Interviewing Madonna – whether it be an invigorating round table discussion or during a one-on-one wet dream interview come true – is an event.
During a recent Q & A, the chanteuse’s latest film role was examined. Throughout it one could not help but wonder which role Madonna herself feels best suited. Is she: A] an icon; B] an entertainer; C] a mother; D] all of the above?
Before you answer this question, remember that Madonna is undoubtedly the most iconographic personality in the world. And among music-loving gay men, testosterone-charged teenage boys, midriff baring high school girls and back-to-school working mothers, the entertainer once known for her forays into the naughty and decadent underground is now primarily knows as Lourdes’ mom. The role of motherhood is, perhaps happily for Madonna, The Next Best Thing.
Next: How important are male friendships in your life?
Madonna: Incredibly important. I mean, friendship is really important to me. It just so happens – strangely enough – that most of my friends are gay men. I don’t know how it worked out that way.
Next: If the right man came along, are you in a place in your life where you’re open to the possibility of marriage?
Madonna: Possibly. [Smiles broadly]
Next: What is your attachment to gay men?
Madonna: My attachment? I don’t know. I don’t really think about it.
Next: Would you fall in love with Rupert Everett? And have you?
Madonna: Essentially, yeah. I mean, I adore him, I love him. And, you know, I’m sure if he were straight, things would be different. [Laughs] I don’t know!
Next: After the birth of Lourdes, it’s been said of you that female relationships have become of greater importance to you. Do you feel that way?
Madonna: I had lots of really good friends – girlfriends – before I had my daughter. Well, I wouldn’t say lots , I’d say a handful. I’ve had a handful of really good friends – male and female. The only difference now is I can probably relate to mothers more since I had a baby. I’ve become much closer to my sister, for instance, who has children as a result of that. I think that happens to most women with children; you gravitate towards other women with children, generally, because you’ve got more in common with them. You can pick their brains and complain together.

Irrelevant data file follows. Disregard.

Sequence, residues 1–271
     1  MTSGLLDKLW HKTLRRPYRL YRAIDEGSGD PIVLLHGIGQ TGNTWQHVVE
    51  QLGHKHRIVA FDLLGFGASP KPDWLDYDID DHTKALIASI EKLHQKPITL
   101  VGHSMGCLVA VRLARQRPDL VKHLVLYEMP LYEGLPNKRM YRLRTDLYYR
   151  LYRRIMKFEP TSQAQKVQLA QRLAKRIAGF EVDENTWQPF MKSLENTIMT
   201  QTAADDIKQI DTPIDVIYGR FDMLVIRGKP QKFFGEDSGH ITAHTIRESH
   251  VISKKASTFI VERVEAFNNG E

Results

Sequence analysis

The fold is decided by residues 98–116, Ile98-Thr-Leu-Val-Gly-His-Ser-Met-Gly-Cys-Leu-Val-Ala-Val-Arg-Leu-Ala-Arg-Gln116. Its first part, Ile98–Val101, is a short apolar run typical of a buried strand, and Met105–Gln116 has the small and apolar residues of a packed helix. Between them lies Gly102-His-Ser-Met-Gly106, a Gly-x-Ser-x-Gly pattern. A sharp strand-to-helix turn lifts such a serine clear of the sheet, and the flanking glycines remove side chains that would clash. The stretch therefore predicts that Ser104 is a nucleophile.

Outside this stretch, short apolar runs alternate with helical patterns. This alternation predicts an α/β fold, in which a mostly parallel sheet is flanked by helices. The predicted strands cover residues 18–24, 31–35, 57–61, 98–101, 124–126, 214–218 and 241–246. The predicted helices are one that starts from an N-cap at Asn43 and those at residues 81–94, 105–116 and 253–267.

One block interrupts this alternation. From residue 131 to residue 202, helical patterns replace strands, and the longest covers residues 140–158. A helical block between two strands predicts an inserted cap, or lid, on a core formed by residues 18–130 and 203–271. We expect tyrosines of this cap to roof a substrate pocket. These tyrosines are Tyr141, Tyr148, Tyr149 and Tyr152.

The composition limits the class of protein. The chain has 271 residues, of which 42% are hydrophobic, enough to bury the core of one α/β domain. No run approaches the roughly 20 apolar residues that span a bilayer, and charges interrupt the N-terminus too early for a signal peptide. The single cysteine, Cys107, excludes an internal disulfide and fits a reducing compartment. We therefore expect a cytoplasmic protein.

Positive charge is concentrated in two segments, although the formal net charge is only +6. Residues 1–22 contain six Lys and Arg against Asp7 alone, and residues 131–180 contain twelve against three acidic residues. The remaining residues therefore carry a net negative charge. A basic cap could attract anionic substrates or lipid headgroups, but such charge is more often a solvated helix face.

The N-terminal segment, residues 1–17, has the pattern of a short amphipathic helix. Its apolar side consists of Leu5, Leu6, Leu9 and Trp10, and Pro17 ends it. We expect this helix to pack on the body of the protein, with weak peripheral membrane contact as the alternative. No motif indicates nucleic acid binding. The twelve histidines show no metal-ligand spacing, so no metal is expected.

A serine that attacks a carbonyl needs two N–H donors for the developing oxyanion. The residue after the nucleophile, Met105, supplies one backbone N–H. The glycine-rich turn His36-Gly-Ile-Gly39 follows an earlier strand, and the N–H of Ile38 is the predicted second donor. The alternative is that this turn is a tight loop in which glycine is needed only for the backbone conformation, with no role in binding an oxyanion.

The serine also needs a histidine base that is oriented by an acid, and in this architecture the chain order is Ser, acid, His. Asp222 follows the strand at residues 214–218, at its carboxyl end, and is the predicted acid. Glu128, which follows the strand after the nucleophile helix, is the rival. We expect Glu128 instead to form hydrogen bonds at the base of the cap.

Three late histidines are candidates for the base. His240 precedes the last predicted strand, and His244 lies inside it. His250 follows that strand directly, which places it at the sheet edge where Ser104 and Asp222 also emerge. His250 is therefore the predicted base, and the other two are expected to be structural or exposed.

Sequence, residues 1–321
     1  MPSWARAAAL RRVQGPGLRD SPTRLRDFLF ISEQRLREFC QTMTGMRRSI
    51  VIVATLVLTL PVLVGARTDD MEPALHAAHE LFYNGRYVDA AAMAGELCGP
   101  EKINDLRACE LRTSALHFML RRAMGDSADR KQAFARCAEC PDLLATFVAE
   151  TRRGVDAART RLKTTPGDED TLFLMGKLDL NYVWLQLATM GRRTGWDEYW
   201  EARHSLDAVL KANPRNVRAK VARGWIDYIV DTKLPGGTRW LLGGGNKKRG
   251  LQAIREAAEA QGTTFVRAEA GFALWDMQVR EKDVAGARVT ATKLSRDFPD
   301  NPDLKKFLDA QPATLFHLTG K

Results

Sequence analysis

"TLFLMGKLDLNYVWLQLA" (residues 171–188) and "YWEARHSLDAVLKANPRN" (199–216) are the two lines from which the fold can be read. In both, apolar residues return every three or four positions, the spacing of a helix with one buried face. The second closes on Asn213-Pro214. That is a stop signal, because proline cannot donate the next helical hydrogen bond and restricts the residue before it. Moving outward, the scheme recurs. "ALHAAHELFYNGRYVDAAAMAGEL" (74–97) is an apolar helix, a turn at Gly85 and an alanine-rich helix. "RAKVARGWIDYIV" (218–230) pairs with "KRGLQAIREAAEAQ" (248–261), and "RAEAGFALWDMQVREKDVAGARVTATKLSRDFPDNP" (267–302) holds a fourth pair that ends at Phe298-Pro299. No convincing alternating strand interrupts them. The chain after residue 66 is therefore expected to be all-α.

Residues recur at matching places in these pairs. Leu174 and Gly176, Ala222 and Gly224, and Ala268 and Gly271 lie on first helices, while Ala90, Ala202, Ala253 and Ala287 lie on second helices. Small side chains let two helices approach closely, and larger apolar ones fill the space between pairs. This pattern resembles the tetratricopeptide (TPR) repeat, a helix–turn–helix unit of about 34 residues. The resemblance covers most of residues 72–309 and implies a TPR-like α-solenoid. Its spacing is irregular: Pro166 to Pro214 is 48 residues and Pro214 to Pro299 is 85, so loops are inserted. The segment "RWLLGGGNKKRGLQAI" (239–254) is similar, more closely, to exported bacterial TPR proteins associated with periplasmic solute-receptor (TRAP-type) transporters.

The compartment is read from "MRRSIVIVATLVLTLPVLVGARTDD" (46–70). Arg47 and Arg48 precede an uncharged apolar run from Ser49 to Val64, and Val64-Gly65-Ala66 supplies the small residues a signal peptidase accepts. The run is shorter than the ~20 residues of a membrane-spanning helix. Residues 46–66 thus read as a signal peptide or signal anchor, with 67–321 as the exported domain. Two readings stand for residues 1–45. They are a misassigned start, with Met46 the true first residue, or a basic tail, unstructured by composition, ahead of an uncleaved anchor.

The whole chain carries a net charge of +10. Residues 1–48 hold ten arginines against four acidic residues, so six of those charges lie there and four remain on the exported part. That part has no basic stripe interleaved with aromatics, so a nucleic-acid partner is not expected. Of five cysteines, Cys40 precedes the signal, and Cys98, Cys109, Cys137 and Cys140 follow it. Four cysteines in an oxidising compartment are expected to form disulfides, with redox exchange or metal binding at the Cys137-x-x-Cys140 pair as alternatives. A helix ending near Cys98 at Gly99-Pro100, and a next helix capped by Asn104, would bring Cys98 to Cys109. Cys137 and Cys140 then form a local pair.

Next: Religion has figured greatly in your life and in your art. How do you intend to have religion affect your own child?
Madonna: That is a conundrum. I don’t know. I’m very conflicted about that. I don’t exactly know how to do that. I mean, I talk about God to my daughter when we say prayers every night before she goes to bed. And she was baptized a Catholic, but I’m not really sure how I feel about the concept of organized religion. So, I don’t know, I don’t know. I don’t know exactly how I am going to introduce that into her life.
Next: Do you have a private life?
Madonna: Yeah. [Laughs] I have a private life now – I always have. And I just think that that’s a misconception that a lot of people have had about me – that I expose everything about myself. And that there is nothing that is private, when in fact so much is. Plus, I didn’t really become famous until, I guess, I was about twenty-four or twenty- five. [Laughs] Until then I had to wait in line.
Next: What is the biggest misconception about you?
Madonna: That I’m insecure and vulnerable and full of fears. [Laughs] And that I’m strong and fearless and no one ever says, ‘No,’ to me. And that I’m in control of everything – all that nonsense.
Next: In The Next Best Thing your character Abbie has a lot of those same qualities you speak of. She is also ruled to a great point by the men in her life at different points in the film. How similar or dissimilar is Abbie to you?
Madonna: Well, I do have some things in common with Abbie. I have found myself in situations with men – even though I had nothing to do with the writing of the line – where I’ve said, ‘Wait a second. You mean if I had less to offer you, I’d have a better chance in a relationship?’ I didn’t exactly say it like that, but there have been many situations in my life where I feel like my accomplishments and my success and things like that have actually hindered certain relationships from taking place. So, I can relate to that, but obviously my life and Abbie’s life are very different. But I think a lot of situations she made, you know, the way that she chose to have a baby and raise the baby and all of those things, I probably wouldn’t have done those things — in fact I’m sure I wouldn’t have done those things.